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English sparkling wine? Corks pop in British vineyards as a pile of awards helps take the fizz from French competition.
HAYWARDS HEATH, UK — On a warm fall morning, the Bolney Wine Estate is as close to an English idyll as you’re likely to find. Fields of ripening grapes bask under a warm, lazy sun as small woodland creatures scurry along quiet country lanes lined with bramble bushes.
But at the heart of this sleepy pastoral scene, amid a small collection of farm buildings where grapes will soon be pressed and processed into a modest selection of wines, there’s an unmistakable buzz.
Outside a large, cool barn where cages of unlabeled bottles are fermenting, a group of visitors murmurs in anticipation of a sampling session that will end its tour. Over by the bottling room, a Japanese television crew interviews winemaker Sam Linter.
“We’ve had a few TV people coming through since the award,” explains Stuart Barford, Bolney’s sales manager, nodding in the direction of the Japanese team as it troops into the vineyard’s small cafe to film shelves of red, white and rosé wine on sale.
In the world of winemaking, the award — a “Gold Outstanding" medal that judges at this year’s International Wine and Spirit Competition hung around the neck of Bolney’s 2007 Blanc de Blancs — is a big deal.
In honoring the “immense charm” and “crisply defined palate” of the sparkling chardonnay over some 3,000 rivals, the IWSC’s respected jury put the Bolney vintage on a pedestal more frequently occupied by French champagnes.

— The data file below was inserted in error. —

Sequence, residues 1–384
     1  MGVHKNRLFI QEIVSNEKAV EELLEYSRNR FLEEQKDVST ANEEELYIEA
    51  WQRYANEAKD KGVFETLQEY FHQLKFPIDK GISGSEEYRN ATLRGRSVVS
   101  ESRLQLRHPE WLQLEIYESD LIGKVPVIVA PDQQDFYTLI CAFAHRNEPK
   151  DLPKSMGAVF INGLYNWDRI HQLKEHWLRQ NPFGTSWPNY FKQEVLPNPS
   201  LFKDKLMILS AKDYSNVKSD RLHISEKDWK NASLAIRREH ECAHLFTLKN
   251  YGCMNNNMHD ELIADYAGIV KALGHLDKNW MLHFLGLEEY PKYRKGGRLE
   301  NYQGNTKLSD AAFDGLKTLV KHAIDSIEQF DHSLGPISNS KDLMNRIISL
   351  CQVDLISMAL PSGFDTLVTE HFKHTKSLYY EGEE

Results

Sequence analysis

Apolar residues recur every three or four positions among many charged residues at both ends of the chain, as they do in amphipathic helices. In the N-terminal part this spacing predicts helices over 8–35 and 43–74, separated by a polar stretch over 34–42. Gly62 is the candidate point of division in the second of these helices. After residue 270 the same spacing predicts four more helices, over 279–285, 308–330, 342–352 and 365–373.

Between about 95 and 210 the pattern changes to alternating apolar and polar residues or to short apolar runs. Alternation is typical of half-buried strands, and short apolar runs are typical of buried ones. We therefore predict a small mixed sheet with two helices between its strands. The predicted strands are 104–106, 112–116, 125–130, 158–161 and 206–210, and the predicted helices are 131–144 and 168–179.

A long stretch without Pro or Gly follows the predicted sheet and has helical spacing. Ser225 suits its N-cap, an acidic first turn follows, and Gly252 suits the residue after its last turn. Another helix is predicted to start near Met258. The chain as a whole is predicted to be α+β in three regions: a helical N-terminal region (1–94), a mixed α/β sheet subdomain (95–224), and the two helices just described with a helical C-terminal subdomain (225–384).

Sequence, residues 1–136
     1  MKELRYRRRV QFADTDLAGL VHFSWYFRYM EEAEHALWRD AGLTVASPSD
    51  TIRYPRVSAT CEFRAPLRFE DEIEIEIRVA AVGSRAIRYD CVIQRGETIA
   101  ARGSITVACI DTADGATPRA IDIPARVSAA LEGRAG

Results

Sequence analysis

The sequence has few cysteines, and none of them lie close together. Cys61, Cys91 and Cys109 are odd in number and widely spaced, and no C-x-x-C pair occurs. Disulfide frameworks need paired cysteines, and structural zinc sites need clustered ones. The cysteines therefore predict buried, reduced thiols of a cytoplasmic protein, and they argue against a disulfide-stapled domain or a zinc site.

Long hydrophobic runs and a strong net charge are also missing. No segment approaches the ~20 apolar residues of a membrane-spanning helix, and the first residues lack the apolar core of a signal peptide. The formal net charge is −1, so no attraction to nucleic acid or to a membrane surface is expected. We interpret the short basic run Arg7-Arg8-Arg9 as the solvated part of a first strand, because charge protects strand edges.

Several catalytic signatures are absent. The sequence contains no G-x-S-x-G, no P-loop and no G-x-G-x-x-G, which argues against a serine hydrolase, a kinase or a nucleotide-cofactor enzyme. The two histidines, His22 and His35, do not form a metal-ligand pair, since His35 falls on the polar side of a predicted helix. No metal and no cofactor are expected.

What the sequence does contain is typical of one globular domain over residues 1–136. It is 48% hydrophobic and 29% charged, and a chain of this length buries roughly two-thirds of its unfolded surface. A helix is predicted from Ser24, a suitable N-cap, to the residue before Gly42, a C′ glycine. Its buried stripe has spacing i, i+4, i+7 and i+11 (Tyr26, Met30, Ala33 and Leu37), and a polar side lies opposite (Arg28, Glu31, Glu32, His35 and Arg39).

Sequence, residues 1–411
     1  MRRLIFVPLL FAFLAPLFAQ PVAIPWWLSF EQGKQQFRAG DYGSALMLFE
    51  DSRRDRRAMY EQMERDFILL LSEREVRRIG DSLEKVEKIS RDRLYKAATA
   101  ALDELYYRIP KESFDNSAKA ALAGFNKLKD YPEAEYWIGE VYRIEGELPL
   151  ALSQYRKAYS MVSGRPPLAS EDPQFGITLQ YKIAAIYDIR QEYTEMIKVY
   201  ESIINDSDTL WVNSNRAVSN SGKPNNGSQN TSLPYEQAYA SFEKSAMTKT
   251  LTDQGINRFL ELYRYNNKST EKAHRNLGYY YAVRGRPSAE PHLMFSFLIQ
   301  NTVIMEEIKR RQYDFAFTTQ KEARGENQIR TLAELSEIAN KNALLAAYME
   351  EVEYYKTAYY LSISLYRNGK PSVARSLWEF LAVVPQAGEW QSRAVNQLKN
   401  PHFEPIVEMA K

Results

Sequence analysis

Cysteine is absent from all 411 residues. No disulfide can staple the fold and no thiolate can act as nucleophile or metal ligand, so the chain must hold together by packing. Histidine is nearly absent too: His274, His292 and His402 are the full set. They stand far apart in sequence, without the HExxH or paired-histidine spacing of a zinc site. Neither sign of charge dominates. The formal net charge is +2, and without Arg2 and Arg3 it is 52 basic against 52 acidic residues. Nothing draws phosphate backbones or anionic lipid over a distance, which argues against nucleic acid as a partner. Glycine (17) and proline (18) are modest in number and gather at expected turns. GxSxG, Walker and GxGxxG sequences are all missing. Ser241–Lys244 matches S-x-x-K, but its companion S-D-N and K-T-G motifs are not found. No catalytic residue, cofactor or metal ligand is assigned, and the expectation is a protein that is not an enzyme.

Bolney isn’t alone. Over the past decade, English sparkling wine producers have emerged from relative nowhere to scoop up more international accolades than any other country. Their prominence at events to mark Queen Elizabeth II’s 60th anniversary as monarch this year helped further raise their profile.
Although still overshadowed by champagne, producers such as Ridgeway and Nyetimber — like Bolney, both located near the town of Haywards Heath, south of London — and Camel Valley, in southwest Cornwall, are becoming household names at home and abroad.
Their success has prompted a French champagne house to acquire land in the UK. Others are expected to follow even though they wouldn’t be permitted to label their English products “champagne” because of strict European Union regulations governing regional branding.
Much of the recent interest is due to the improving expertise of English winemakers who have spent decades experimenting to find the most suitable vines and honing their cultivation techniques. Experts say climate change has also been crucial.
“We now have warmer growing conditions and that has enabled us to produce varieties that are much more acceptable to the market,” says Stephen Skelton, a pioneer of English viticulture who works as a consultant to vineyards on sparkling wine production.
This year is no exception. Although unusually heavy rains in June delayed the ripening period, the same late summer sunshine that helped London host a successful Olympics should ensure that 2012’s grapes are bursting with flavor.